Sunday, July 10, 2011

UFOs, Moby Dick, and Quantum Theory


Herman Melville’s masterpiece, Moby Dick, is an excoriation of God, with a prescient intuition about quantum mechanics.

Melville’s premise that God is Evil, is “footnoted” by the subtle suggestion that those who give credence to God -- pray to Him/It – get His/Its attention and bring catastrophe down upon them.


Their “observation” interacts with God and draws Him/It to behave intimately with the observer, often malevolently (as was the case with Captain Ahab), sometimes benevolently (but such instances of benevolence are rare).

Melville’s literary tenet and insight ends with the maxim that to survive whole and intact in this life one should take a benign attitude when it comes to God (Moby Dick): Ishmael.

The quantum intution is about how observation of events (measurement of them) affects the outcome – the reality – of those events. (Schrodinger’s cat is the theoretical example.)

Lithograph by Jie Qi, 2007

Now, since brilliant UFO mavens, such as Bruce Duensing who visits here, and a few others, think that UFOs are affected by our observation of the things, one can intersect Melville’s view with the ongoing and historical observation of flying saucers and/or UFOs.

The difference is that UFOs are not God – nor even a manifestation of God – and observing them hasn’t brought dire consequences down upon observers, generally.


But observation/measurement of UFOs has, according to devotees of the quantum effect, caused them to behave in ways they are irrational, much as quantum artifacts behave irrationally when observed/measured.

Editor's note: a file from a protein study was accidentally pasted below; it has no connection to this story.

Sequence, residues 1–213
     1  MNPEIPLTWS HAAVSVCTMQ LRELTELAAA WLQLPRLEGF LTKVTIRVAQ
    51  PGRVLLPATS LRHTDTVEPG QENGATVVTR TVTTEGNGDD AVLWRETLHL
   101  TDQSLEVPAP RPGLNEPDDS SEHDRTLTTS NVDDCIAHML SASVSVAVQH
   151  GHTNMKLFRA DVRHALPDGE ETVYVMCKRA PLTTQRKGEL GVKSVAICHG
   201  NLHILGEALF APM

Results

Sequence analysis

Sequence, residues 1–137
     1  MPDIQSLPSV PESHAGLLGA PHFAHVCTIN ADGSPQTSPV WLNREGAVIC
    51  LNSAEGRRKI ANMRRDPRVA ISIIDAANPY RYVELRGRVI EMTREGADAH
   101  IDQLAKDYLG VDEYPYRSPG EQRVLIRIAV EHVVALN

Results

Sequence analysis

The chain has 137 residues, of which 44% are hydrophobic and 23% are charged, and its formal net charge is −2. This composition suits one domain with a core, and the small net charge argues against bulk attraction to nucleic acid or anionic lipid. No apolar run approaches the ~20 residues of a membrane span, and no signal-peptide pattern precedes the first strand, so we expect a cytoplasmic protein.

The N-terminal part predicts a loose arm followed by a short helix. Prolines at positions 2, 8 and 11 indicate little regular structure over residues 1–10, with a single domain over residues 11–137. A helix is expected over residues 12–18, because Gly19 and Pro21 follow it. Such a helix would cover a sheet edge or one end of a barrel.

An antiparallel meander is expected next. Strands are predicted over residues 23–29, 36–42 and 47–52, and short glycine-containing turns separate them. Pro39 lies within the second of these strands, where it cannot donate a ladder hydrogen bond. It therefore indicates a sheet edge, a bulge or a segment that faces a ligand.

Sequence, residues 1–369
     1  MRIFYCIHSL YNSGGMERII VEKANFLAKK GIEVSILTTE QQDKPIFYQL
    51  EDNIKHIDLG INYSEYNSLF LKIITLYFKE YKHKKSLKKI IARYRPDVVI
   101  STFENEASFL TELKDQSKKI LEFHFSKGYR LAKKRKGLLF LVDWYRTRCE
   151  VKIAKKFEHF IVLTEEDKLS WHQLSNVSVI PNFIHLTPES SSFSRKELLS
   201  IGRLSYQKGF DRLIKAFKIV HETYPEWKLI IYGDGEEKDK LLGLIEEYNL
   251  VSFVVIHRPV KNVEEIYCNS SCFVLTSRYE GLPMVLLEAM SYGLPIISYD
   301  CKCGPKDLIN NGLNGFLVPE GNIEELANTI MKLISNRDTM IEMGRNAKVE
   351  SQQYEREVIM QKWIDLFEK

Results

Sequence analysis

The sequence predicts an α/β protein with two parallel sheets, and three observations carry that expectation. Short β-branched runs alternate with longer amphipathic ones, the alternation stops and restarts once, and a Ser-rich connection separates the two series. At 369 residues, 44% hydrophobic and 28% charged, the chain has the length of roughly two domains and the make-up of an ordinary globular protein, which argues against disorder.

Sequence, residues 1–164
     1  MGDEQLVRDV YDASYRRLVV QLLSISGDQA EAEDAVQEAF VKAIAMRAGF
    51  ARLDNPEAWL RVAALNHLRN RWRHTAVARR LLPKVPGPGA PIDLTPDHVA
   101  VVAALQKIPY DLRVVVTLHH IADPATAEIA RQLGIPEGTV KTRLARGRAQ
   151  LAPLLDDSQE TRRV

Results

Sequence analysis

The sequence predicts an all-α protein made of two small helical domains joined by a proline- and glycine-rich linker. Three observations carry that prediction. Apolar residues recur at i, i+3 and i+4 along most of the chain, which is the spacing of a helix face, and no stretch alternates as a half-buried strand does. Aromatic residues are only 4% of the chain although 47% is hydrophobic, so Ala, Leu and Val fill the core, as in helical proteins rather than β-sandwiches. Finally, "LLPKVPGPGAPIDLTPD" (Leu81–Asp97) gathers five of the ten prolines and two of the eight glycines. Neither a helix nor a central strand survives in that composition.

I, personally, don’t think UFOs are metaphorical quantum artifacts. And I think that while observing them in he past may have had an effect upon them, what they do or how they appear now indicates that observation of UFOs has no bearing upon them.

UFOs have become benign, ineffective, and without obvious purpose or intent; they operate like God before Ahab paid attention to Him/It.


Melville’s God is dead, and so are UFOs, as they once were in their reported incarnation(s).



Brown Wave said...

An interesting view. I've long felt the phenomenon behaves like a fractal. If you try to divide it into separate bogus and legitimate categories, close examination of the border between the two categories frays it into an endless branching of sub-categories that re-comprise the smooth continuous spectrum between real and un-real. This is the quicksand ufologists fall into. Serious respected researchers start out legit then gradually become flakey charletans, with no clear dividing line between the good & bad parts of their career. Solid professional collaborations degrade into bitter feuds. It seems safest to stay on periphery.

RRRGroup said...


Your view is not dissimilar to that of Jacques Vallee, thus credible.

You might look at the comments about this posting at our popular UFO blog -- The UFO Iconoclast(s):